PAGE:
A bombshell report shows there is no risk to humans from third-hand exposure to houses where methamphetamine has been consumed.
This means tens of thousands of homes have been needlessly tested and cleaned at the cost of millions of dollars, with some demolished and left empty.
The study by the Prime Minister’s Chief Science Advisor Peter Gluckman found that New Zealand authorities had made a “leap in logic” setting standards. Essentially, a standard used overseas based on what “clan labs” should be cleaned to was now being used as a trigger to start cleaning here, despite no health risk at that level.
“In the absence of clear scientific and health information, there has been an assumption among the general public that the presence of even trace levels of methamphetamine residue poses a health risk,” Gluckman said.
“There is absolutely no evidence in the medical literature of anyone being harmed from passive use, at any level. We can’t find one case.”
Gluckman said testing and cleaning still made sense when there was suspicion that methamphetamine had been produced on a property – but this was more to do with reassurance.
He said a “moral panic” around cleaning and remediation had occurred only in New Zealand. If science had been involved earlier in the policy-making process this could have been avoided.
Mould was a much larger health risk to tenants than meth residue.
In response to the recommendations, Housing Minister Phil Twyford has announced new standards and less stringent standards will be set for houses within the next year – with Housing NZ immediately changing its policy.
The current level of 1.5 micrograms per 100cm2 was only useful as a barometer of what to get houses cleaned to after manufacture – not as a trigger to start decontamination, the report said.
A measure of 15 micrograms per 100cm2 – 10 times higher – would make more sense as a trigger.
Gluckman said he wouldn’t be worried about “toddlers crawling around on the floor” until the meth residue reached the level of several hundred micrograms per 100cm2 – not the current standard of 1.5 – and this was based on a 300-fold safety buffer.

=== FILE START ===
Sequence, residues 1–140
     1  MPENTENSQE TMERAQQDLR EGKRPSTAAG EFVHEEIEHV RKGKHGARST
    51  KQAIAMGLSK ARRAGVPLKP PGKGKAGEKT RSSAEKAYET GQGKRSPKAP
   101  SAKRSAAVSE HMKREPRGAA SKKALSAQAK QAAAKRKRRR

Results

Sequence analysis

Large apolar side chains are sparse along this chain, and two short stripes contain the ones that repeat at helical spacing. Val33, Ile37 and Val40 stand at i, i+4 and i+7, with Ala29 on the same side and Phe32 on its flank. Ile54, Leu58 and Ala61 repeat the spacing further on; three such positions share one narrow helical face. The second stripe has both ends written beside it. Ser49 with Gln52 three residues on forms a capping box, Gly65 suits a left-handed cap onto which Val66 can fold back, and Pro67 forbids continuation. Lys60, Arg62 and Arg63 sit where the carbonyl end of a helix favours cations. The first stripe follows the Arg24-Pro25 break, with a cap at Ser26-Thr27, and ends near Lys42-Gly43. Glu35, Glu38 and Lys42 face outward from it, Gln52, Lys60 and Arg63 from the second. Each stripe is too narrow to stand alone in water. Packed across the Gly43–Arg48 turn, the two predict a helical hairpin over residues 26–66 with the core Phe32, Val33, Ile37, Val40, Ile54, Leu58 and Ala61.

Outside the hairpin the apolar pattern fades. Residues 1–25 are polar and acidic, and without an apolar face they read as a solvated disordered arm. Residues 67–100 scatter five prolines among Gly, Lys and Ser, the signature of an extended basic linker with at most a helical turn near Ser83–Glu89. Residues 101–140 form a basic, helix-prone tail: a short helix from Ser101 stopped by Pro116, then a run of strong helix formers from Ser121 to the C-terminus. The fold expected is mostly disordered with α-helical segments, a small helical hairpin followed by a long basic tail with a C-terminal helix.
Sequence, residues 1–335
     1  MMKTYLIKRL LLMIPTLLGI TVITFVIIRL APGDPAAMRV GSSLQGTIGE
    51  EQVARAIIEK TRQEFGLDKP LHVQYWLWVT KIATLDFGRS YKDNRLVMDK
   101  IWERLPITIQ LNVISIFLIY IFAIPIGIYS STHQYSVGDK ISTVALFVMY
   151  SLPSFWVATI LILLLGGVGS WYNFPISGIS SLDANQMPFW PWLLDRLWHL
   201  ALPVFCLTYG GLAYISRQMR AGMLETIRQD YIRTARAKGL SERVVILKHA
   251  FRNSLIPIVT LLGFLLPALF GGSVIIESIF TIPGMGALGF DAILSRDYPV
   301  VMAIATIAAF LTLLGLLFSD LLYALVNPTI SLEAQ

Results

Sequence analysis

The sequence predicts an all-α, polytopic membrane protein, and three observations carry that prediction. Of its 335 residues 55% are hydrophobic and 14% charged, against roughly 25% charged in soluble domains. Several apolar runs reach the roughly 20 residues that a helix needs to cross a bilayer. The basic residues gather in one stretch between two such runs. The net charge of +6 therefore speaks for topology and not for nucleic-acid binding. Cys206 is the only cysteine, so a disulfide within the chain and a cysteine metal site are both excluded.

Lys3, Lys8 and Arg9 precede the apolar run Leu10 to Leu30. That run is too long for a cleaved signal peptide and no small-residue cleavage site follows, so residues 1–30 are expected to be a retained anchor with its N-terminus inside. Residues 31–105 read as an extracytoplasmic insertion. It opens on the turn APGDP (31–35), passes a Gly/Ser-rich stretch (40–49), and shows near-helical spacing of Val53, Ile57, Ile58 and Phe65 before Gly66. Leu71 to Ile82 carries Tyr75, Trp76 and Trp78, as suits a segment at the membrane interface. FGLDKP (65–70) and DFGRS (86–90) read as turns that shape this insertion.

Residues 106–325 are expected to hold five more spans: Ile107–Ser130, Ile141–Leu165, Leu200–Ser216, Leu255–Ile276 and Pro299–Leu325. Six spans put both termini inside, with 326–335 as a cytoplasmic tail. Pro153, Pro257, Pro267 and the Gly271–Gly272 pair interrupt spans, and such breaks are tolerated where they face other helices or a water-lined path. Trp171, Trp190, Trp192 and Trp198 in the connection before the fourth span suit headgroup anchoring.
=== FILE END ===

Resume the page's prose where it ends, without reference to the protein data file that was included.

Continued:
He stressed the government’s recommendation was still very far below a level where it could become dangerous.
“We’re looking at a 1000-fold safety factor minimum in our recommendations, for a naked toddler crawling around the floor licking every bit of the floor up to several hours a day,” Gluckman said.
Several hundred state homes sitting needlessly empty would be put back into use within weeks, and Housing New Zealand would save up to $30m a year on testing, Twyford said.
“The great majority is testing and remediation was completely unnecessary,” Twyford said.
A review into how the standards were set would also be carried out by Consumer Affairs Minister Kris Faafoi.
“Very significant sums of money have been spent on testing and decontamination of houses that are thought to have been contaminated by methamphetamine,” Twyford said.
“Housing New Zealand alone in the last fours years has spent $100m on testing and remediation.
“Large numbers of homes thought to have been contaminated were left empty in the middle of a housing crisis.”
Twyford commissioned the report soon after coming into Government, but Gluckman stressed it was totally independent.
Former Social Housing Minister Paula Bennett welcomed the report and said she had long pushed back against Housing NZ’s approach.
Bennett was minister over 2014-16, when hundreds of state housing tenants were evicted over meth residue, with some charged thousands of dollars in costs.
“I lose count of the number of times that I questioned [Housing New Zealand] about it. To the point that I was told as a minister that I was on the edge of getting involved of day to day running of the technical issues of a crown entity,” Bennett said.
“I found it incredibly frustrating that there were houses empty when people needed them so desperately. I wanted people in them.
“I think that Housing NZ had a genuine concern about the health and safety particularly of children. Now we know they went over the top in trying to make sure they were safe.”